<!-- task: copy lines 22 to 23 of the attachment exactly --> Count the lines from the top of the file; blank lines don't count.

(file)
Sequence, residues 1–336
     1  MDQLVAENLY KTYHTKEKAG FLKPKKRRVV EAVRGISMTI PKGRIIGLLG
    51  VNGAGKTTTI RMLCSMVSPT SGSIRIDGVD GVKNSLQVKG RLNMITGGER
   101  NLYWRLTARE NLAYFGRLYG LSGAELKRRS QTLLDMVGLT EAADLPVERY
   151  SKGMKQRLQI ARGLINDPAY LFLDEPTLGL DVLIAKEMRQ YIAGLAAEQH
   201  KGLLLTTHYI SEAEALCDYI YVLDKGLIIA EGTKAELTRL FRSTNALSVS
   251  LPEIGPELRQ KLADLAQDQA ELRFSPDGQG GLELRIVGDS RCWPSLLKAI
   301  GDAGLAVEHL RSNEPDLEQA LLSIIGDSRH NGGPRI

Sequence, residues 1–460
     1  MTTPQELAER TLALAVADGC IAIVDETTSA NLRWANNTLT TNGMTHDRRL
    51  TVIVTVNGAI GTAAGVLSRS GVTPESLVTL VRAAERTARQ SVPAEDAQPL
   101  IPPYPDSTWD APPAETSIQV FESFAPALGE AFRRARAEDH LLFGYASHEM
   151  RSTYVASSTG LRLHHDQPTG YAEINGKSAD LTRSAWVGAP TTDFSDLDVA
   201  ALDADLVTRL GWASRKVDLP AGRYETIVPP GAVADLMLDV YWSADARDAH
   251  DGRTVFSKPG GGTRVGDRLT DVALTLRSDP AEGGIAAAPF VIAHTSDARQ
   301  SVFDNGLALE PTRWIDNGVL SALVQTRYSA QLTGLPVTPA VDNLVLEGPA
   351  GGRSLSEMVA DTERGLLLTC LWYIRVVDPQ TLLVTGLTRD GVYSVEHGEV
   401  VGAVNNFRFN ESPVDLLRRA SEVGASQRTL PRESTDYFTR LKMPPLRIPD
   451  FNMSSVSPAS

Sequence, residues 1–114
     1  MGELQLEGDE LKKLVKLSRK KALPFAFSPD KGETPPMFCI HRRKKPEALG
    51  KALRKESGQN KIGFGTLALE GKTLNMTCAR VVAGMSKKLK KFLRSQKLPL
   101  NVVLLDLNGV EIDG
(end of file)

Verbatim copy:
    51  KALRKESGQN KIGFGTLALE GKTLNMTCAR VVAGMSKKLK KFLRSQKLPL
   101  NVVLLDLNGV EIDG